February 1, 2023

The Line-up: Eight exhibitions around Texas to look forward to


Looking beyond our Austin base, here’s eight museum exhibitions around Texas to look forward to in first quarter of the new year.


Ballroom Marfa

Nancy Holt, “Star Fire, “1986, from “Ecstatic Land” at Ballroom Marfa. Courtesy of Ballroom Marfa and Holt/Smithson Foundation. Photo by Heather Rasmussen.

Ecstatic Land

Through May 23, Ballroom Marfa.
This show brings together a multigenerational group of artists whose works explore the intersecting vitalities of the land and self. Artists including Laura Aguilar, Christie Blizard, The Frank Duncan Archive and Nancy Holt offer personal views of land and the landscape that would otherwise be invisible, intangible or overlooked.


Mark di Suvero, “Mantus,” 2001 Stainless steel, titanium, 7 x 17 x 14 in., Nasher Sculpture Center

Mark di Suvero: Steel Like Paper

Jan. 28 to Aug. 27, Nasher Sculpture Center, Dallas.
Featuring 30 sculptures ranging in size from hand-held to monumental and more than 40 rarely-seen drawings and paintings spanning the artist’s career, “Mark di Suvero: Steel Like Paper” reveals the artist’s intimate studio practice that yields the power of his monumental vision.


Modern Art Museum Fort Worth
Nam June Paik, Video Flag Y, 1985. 84 ten-inch television sets, three Plexiglas cases, fans, LaserDisc players, LaserDiscs, and video tapes. 72 x 144 x 50 inches. Collection of the Modern Art Museum of Fort Worth, Gift of JPMorgan Chase & Co. © Estate of Nam June Pai

I’ll Be Your Mirror: Art and the Digital Screen

Feb. 12 to April 30, Modern Art Museum of Fort Worth,
More than 25,000 square feet of gallery space will be devoted to this exhibition, which will include iconic works by prominent national and international artists of the 20th and 21st centuries: Nam June Paik, Andy Warhol, Cory Arcangel, Gretchen Bender, Lynn Hershman Leeson, Arthur Jafaas well as several leading artists living in Texas, including Liss LaFleur, Kristin Lucas, and John Pomara.


Dallas Museum of Art
Jan Massiis, “Rebus- The World Feeds Many Fools,” about 1530. Dallas Museum of Art

Saints, Sinners, Lovers, and Fools: 300 Years of Flemish Masterworks

Feb. 19 to June 25, Dallas Museum of Art,
The exhibition Artnet called a “visual buffet” offers over 130 works from the Phoebus Foundation’s rich collection of Flemish artwork that illustrate the remarkable developments in art production by masters such as Hans Memling and Peter Paul Rubens.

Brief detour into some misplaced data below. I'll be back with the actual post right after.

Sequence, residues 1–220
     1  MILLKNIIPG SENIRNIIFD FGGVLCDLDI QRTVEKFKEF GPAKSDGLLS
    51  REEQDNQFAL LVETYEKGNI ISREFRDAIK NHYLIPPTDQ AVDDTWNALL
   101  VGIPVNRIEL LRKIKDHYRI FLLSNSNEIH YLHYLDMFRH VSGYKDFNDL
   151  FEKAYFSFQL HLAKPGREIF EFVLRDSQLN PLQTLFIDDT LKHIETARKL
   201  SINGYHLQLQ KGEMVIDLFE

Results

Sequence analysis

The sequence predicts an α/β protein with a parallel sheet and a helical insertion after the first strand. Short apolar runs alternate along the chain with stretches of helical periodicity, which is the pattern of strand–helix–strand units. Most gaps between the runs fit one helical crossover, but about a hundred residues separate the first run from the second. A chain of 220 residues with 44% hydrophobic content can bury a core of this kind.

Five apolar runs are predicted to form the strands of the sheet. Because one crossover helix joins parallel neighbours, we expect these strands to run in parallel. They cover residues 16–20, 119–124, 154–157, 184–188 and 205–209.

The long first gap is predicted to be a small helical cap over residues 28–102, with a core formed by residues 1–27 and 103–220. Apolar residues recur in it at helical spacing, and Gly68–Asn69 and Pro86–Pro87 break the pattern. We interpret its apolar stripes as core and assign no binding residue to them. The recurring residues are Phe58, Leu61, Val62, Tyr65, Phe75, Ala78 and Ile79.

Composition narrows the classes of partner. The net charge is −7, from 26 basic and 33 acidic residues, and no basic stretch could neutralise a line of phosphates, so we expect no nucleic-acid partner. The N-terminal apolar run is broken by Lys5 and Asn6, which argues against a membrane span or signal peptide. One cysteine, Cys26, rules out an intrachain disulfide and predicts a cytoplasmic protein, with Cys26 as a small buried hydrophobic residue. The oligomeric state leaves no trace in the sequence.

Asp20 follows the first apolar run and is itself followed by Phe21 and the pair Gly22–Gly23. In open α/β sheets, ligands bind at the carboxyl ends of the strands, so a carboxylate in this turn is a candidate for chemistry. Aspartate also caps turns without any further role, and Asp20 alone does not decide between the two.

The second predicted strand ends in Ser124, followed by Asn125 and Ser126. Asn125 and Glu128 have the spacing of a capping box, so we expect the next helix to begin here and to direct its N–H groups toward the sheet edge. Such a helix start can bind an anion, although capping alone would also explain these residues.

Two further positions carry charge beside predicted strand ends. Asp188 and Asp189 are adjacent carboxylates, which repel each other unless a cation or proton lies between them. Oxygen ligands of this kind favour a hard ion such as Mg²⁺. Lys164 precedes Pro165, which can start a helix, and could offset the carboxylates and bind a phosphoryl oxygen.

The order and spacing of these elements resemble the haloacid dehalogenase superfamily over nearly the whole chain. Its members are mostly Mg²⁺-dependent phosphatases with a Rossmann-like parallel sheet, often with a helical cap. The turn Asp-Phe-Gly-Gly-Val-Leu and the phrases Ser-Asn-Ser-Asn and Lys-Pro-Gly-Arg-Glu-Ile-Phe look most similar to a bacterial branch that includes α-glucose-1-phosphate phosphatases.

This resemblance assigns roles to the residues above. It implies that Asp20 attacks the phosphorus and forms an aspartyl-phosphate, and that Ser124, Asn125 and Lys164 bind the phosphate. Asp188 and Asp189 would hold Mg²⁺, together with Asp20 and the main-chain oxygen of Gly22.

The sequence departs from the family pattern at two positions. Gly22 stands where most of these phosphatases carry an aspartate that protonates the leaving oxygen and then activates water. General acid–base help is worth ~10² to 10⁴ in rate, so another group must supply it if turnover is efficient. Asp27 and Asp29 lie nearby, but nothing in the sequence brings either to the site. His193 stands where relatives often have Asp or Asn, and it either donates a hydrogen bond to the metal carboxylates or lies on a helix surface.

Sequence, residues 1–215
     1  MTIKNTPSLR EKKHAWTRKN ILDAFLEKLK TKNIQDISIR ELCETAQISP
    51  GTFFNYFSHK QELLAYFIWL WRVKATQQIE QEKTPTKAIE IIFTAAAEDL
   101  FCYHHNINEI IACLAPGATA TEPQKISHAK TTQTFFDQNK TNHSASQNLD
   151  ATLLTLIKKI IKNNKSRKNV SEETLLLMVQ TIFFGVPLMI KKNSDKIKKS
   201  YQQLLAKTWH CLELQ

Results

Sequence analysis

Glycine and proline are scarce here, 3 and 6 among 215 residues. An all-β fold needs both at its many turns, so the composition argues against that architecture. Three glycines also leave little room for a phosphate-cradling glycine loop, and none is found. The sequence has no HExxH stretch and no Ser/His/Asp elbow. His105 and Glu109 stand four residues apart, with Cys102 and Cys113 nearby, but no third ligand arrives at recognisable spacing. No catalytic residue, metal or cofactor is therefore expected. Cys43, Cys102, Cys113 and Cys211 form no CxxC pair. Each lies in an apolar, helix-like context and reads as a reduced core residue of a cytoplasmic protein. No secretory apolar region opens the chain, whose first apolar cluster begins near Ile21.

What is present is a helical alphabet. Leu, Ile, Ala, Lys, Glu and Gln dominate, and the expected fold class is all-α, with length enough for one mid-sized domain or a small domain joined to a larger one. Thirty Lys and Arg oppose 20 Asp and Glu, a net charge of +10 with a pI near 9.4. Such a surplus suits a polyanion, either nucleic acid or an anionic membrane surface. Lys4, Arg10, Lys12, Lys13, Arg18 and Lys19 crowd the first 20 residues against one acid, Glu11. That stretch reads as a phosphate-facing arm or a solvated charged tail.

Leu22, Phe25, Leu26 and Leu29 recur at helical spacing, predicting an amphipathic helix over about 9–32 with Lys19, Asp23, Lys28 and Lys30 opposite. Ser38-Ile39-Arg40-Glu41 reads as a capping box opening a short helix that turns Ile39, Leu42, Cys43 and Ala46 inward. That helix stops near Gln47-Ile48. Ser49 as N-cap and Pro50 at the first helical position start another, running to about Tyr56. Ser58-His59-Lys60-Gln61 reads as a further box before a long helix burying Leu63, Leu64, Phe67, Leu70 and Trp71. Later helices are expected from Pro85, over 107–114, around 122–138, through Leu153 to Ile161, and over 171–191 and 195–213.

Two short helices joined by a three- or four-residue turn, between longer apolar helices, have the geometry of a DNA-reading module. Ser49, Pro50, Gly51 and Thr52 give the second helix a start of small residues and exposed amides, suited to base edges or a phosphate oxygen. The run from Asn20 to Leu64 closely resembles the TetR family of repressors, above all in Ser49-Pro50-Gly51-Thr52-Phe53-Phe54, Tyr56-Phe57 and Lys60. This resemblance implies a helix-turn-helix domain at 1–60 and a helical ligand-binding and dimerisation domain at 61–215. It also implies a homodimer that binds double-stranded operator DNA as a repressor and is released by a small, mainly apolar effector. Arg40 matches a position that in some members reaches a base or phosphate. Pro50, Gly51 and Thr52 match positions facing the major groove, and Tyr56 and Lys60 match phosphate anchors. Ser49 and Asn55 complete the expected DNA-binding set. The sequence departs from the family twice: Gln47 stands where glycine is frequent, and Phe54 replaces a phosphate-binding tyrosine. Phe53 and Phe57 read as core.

Meadows Museum
José Guerrero(Spanish, 1914–1991), Intervalos azules, 1971. Oil on canvas, 72 1/4 x 60 1/4 in.(183,5 x 153 cm). Museo de arte abstracto español, Cuenca. Fundación Juan March, Madrid.

In the Shadow of Dictatorship: Creating the Museum of Spanish Abstract Art

Feb. 26 to June 18, Meadows Museum, SMU, Dallas,
While a repressive dictatorship ruled Spain, artist and collector Fernando Zóbel established the Museo de Arte Abstracto Español in 1966, the first institution of its kind in Spain. More than 40 highlights from its remarkable collection—most coming to the U.S. for the first time—tell the story of this pioneering artists’ museum and explore the rich panorama of abstract Spanish art under the Francoist regime.



Pipilotti Rist: Pixel Forest and Worry Will Vanish

March 12 to Sep. 4, Museum of Fine Arts-Houston,
The MFAH continues its series of grand-scale, immersive presentations with two works from the museum’s collections by innovative Swiss artist Pipilotti Rist: “Pixel Forest,” an installation of thousands of hanging LED lights; and “Worry Will Vanish,” a video projection that takes viewers on a dreamlike journey through the natural landscape, the human body, and the heavens.


Hugh Hayden
Hugh Hayden, America, 2018, Sculpted mesquite on plywood. Courtesy of the artist and Lisson Gallery, © Hugh Hayden

Emancipation: The Unfinished Project of Liberation

March 12–July 9, Amon Carter Museum of American Art, Fort Worth,
Seven installations by contemporary Black artists — Sadie Barnette, Alfred Conteh, Maya Freelon, Hugh Hayden, Letitia Huckaby, Jeffrey Meris, and Sable Elyse Smith — respond to John Quincy Adams Ward’s bronze sculpture The Freedman (1863) from the Carter’s collection.


Menil Collection
Joe Goode, Untitled, ca. 1962. Oil paint on canvas, wood, and glass milk bottle, The Menil Collection, Houston, Gift of Caroline Huber and the estate of Walter Hopps. © Joe Goode. Photo: Caroline Philippone

The Curatorial Imagination of Walter Hopps

Mar 24 to Aug 13, Menil Collection, Houston.
Once dubbed “the marvelous mad maven of modern art in America,” Walter Hopps (1932–2005) the Menil Collection’s Founding Director, once estimated that he had curated some 250 exhibitions in his long career. This exhibition celebrates Hopps’ influential curatorial vision as well as his distinctive approach to exhibition making, and appreciation for a variety of 20th-century art movements.


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